skip to main content
OSTI.GOV title logo U.S. Department of Energy
Office of Scientific and Technical Information

Title: Computational geometry as an aid to data analysis of drilling data.


No abstract prepared.

Publication Date:
Research Org.:
Sandia National Laboratories
Sponsoring Org.:
OSTI Identifier:
Report Number(s):
TRN: US0703135
DOE Contract Number:
Resource Type:
Resource Relation:
Conference: Proposed for presentation at the Digital Electronics Conference SPE held April 10-12, 2007 in Houston, TX.
Country of Publication:
United States

Citation Formats

Knudsen, Steven Dell. Computational geometry as an aid to data analysis of drilling data.. United States: N. p., 2007. Web.
Knudsen, Steven Dell. Computational geometry as an aid to data analysis of drilling data.. United States.
Knudsen, Steven Dell. Thu . "Computational geometry as an aid to data analysis of drilling data.". United States. doi:.
title = {Computational geometry as an aid to data analysis of drilling data.},
author = {Knudsen, Steven Dell},
abstractNote = {No abstract prepared.},
doi = {},
journal = {},
number = ,
volume = ,
place = {United States},
year = {Thu Feb 01 00:00:00 EST 2007},
month = {Thu Feb 01 00:00:00 EST 2007}

Other availability
Please see Document Availability for additional information on obtaining the full-text document. Library patrons may search WorldCat to identify libraries that hold this conference proceeding.

Save / Share:
  • Abstract not provided.
  • As explained by Halliburton Services, a substantial percentage of drillstem tests cannot be analyzed by conventional methods because of insufficient data. For these situations, the recently developed type-curve matching techniques aid in analyzing the data. Halliburton Services discusses the applicability of the various type-curve techniques available and recommends specific procedures to avoid misinterpretation.
  • A substantial percentage of drillstem tests cannot be analyzed by conventional methods due to insufficient data. Numerous tests have been analyzed by several published type curves. In this paper, many examples are included where the application of the appropriate type curve aided in providing correct analysis of data which otherwise may have been misinterpreted.
  • Research involving very large sets of digital data is often difficult due to the enormity of the database. In the case of a wind turbine operating under varying environmental conditions, determining which data are representative of the blade aerodynamics and which are due to transient flow ingestion effects or errors in instrumentation, operation, and data collection is of primary concern to researchers. The National Renewable Energy Laboratory in Golden, Colorado collected extensive data on a downwind horizontal axis wind turbine (HAWT) during a turbine test project called the Combined Experiment. A principal objective of this experiment was to provide amore » means to predict HAWT aerodynamic, mechanical, and electrical operational loads based upon analytical models of aerodynamic performance related to blade design and inflow conditions. In a collaborative effort with the Aerospace Engineering Department at the University of Colorado at Boulder, a team of researchers has evolved and utilized various digital filtering techniques in analyzing the data from the Combined Experiment. A preliminary analysis of the data set was performed to determine how to best approach the data. The reduced data set emphasized selection of inflow conditions such that the aerodynamic data could be compared directly to wind tunnel data obtained for the same airfoil design as used for the HAWT`s blades. It will be shown that this reduced data set has yielded valid, reproducible results that a simple averaging technique or a random selection approach cannot achieve. These findings provide a stable baseline against which operational HAWT data can be compared.« less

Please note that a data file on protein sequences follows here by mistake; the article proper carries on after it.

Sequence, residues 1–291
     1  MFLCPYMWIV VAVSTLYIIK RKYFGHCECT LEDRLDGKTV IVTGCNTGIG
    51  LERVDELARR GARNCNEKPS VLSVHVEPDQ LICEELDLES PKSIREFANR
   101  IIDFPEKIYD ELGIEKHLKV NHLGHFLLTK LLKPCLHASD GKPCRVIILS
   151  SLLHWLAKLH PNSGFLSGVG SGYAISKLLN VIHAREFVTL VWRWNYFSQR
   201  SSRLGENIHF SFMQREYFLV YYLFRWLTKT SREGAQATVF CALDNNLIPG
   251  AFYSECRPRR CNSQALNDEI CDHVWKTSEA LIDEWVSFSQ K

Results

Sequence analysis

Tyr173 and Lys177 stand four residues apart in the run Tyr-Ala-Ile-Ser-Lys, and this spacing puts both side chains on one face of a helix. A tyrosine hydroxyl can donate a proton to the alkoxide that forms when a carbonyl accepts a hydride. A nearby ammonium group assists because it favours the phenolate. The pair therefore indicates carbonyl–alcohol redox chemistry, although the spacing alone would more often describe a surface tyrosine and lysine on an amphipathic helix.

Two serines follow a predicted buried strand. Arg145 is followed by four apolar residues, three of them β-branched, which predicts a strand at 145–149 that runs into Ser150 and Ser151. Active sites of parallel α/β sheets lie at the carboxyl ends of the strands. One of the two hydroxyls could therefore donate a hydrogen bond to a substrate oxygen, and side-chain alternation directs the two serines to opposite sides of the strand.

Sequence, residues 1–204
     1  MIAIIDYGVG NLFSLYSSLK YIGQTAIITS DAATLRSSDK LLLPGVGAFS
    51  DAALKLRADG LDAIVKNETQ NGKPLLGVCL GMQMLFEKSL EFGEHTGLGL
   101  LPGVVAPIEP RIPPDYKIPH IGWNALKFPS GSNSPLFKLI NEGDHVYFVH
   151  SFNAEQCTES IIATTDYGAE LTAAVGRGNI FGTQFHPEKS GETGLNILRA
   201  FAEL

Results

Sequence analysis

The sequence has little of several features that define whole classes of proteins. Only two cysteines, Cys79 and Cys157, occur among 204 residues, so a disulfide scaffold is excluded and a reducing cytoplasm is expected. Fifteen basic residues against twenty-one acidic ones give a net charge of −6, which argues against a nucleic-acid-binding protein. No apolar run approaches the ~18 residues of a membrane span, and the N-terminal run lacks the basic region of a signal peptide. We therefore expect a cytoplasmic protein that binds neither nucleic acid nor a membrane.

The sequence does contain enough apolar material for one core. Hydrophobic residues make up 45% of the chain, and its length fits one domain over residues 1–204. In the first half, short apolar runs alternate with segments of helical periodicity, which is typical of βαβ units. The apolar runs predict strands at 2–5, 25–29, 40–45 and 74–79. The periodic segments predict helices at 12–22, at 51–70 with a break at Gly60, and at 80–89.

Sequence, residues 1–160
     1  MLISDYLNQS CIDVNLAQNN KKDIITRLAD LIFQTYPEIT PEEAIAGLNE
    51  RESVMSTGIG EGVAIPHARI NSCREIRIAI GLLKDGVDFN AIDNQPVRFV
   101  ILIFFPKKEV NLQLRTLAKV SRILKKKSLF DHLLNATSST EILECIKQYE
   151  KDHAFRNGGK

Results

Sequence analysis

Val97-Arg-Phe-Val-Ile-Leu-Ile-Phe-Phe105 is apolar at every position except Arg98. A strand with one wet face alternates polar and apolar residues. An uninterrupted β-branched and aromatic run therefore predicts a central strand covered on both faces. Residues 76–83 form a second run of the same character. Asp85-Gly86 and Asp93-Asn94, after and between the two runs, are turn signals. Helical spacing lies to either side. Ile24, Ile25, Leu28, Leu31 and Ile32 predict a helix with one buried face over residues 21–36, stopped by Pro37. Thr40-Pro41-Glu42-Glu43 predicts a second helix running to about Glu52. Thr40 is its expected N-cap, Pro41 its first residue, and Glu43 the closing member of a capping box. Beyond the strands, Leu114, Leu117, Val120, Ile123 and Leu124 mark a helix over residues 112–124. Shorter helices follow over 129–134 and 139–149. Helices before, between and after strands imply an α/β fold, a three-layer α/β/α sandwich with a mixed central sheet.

• During the past twenty years, various computational methods have been developed for estimating paleostress states from field measurements of fault populations which are assumed to be coeval. Unfortunately, there has been little critical assessment of the accuracy of such techniques or any quantitative comparisons between the different techniques which have been proposed. Fault population paleostress analysis methods usually require, as input, field measurements of fault orientations and their associated slip vectors. These methods then return a best-fit guess for the orientations of the three principal stress axes [sigma][sub 1], [sigma][sub 2], and [sigma][sub 3] and a parameter [Phi] representing theirmore » relative magnitudes [([sigma][sub 2]-[sigma][sub 3])/([sigma][sub 1]-[sigma][sub 3])]. Synthetic fault-slip data sets, as opposed to field-collected data,, are created by assuming fixed orientations for the [sigma][sub 1], [sigma][sub 2], and [sigma][sub 3] axes and a fixed value of [Phi]. A suitable population of fault planes are then adopted and the maximum resolved shear stress direction, assumed to be coincident with the slip direction, is calculated for each fault. Synthetically-generated fault-slip data sets should thus be ideal for testing computational methods of paleostress analysis since they may be created in a manner consistent with the underlying assumptions made by all paleostress analysis techniques. For testing the accuracy of several different paleostress analysis methods, fault-slip data sets were created which varied gradationally from randomly-oriented fault populations to those which has strongly-preferred orientations. With these and other types of fault-slip data sets, the accuracy of the various paleostress analysis methods may be quantified and different methods may be meaningfully compared.« less